Thomas Hobson, a 16th stable owner, seems an unlikely person to figure in the Students’ Union Elections currently taking place. Yet it is his principle of offering his customers the choice of the nearest horse to the door, or none at all, that gives a curious sense of déjà vu to this year’s campaign. Eight positions on the Students’ Union council this have unopposed candidates running, including the Student Executive positions of Environment and Social Justice Officer and Education, while the position of Black & Minority Ethnic Officer attracted no candidates. Last year eight candidates ran unopposed, with all of them duly beating RON (Reopen Nominations) to earn their positions.
This year has seen a slight increase in multiple people running for Faculty Co-ordinator positions, while Representational Officers and many Executive Officer positions, including President, Activities and Democracy & Communications, have seen a drop in candidate numbers.
It would be unfair to attribute this lack of candidates to the current Executive, who, like the year before, have worked hard to publicise the elections beforehand and extended the candidate submission deadline in an attempt to encourage more people to put themselves forward as candidates.
Perhaps, then, student apathy over Union politics is to blame? It is well known that despite the University of Nottingham’s election turnout being very high compared to many other Universities, that students are largely unengaged and disinterested in the politics of their Union, with many either ignorant of the role that the Executive has in influencing student life or simply uninterested.
This could partly be attributed to the lack of choice in previous years – if there is only one candidate standing, then why bother voting at all? The danger with this train of thought becoming commonplace is that it can only lead to a downward spiral; the fewer candidates that stand for an election, the less engaged the student population feels. At the same time, however, if fewer people vote, then the elected positions are seen as less important and less relevant, therefore less potential candidates are willing to stand. This year, it is also notable that some potential candidates either withdrew their nominations or decided not to run as a result of perceiving that they were up against a ‘big name’ candidate.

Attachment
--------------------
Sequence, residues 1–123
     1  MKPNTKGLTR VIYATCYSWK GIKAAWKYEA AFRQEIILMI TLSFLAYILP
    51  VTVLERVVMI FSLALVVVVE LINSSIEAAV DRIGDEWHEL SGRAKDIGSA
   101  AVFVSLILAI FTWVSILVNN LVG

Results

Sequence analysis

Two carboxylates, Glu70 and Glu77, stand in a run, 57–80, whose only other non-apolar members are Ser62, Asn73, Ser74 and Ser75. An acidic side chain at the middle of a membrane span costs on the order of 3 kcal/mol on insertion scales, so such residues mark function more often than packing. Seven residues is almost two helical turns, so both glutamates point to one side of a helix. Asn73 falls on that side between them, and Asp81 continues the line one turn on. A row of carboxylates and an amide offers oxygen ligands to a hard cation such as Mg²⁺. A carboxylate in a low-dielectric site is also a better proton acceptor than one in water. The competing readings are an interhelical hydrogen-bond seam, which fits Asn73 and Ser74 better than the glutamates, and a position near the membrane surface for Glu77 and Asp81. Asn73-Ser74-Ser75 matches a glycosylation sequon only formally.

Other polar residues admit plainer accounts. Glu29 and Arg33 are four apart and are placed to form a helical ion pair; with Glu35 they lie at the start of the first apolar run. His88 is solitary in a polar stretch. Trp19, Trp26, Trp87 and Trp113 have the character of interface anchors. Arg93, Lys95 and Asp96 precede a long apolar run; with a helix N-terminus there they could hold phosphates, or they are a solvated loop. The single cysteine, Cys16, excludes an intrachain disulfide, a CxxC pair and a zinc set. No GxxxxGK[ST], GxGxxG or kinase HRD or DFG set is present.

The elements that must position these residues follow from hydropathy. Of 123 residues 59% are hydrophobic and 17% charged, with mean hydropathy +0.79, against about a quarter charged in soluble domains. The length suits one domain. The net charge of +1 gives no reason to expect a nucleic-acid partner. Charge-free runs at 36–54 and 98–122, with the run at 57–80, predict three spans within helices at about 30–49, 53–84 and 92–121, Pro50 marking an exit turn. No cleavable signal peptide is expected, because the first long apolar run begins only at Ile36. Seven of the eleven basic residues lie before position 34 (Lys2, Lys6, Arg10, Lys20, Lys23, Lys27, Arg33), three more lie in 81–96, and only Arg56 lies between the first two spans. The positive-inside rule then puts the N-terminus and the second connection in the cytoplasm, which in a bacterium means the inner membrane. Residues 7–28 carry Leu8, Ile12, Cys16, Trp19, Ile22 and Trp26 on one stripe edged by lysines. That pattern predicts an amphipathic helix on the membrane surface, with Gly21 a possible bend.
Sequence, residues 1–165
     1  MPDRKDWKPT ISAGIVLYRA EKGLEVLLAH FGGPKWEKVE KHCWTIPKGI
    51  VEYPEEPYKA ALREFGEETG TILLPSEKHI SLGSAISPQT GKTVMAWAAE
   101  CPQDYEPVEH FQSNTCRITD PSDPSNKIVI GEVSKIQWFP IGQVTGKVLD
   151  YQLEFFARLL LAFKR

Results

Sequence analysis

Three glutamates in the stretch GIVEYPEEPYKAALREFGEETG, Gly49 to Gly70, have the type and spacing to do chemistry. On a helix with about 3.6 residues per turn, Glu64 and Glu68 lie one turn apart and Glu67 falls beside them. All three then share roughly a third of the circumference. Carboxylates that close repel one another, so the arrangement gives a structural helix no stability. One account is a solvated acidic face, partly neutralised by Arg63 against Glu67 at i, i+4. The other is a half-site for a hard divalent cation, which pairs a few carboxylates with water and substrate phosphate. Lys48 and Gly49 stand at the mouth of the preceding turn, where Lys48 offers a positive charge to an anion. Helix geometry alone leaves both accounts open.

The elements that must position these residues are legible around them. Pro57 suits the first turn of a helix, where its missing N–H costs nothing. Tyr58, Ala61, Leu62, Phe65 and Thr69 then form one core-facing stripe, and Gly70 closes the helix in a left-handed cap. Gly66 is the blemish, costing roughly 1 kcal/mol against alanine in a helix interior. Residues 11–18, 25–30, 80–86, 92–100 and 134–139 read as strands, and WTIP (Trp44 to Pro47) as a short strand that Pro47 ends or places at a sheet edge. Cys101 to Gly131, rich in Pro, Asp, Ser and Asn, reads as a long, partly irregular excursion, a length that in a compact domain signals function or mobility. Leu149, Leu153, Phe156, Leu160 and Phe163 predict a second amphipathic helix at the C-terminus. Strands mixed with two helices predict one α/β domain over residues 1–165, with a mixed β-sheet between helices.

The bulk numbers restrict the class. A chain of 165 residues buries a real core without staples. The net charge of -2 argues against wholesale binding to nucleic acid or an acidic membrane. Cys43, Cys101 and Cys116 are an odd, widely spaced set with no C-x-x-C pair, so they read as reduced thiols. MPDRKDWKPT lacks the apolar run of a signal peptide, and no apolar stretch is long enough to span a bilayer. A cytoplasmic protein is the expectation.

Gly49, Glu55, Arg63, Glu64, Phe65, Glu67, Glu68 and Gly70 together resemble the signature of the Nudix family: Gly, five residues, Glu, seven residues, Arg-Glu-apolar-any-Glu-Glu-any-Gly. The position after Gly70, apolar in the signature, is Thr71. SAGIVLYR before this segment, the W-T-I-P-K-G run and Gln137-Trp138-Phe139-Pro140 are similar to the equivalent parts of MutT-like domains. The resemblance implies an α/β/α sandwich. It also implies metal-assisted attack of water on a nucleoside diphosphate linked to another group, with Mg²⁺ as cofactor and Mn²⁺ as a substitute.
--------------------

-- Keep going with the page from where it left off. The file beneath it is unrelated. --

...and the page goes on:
Question marks still remain as to the utility of certain positions, such as Faculty Coordinators, while it is likely that the position of Environment and Social Justice will continue to be unpopular as long as it remains an unpaid and non-sabbatical position, as opposed to the other Union Executive positions. The Students’ Union’s ‘Big Review’, which looked into how students engage with the Union, gave this year’s Executive some solid ideas on how to approach their relationship with the Union as a whole, though it didn’t provide much insight into the how each Executive role is relevant to the student population and how students might be incentivised to run for these positions in greater numbers.
Hobson’s Choice is an issue that comes up every year, and one that doesn’t have an immediately obvious solution. The question that remains, however, is whether it is better to have more candidates standing for every position just for the sake of greater democratic choice, or whether it is better to have a limited number, all of whom are passionate about the role they wish to undertake.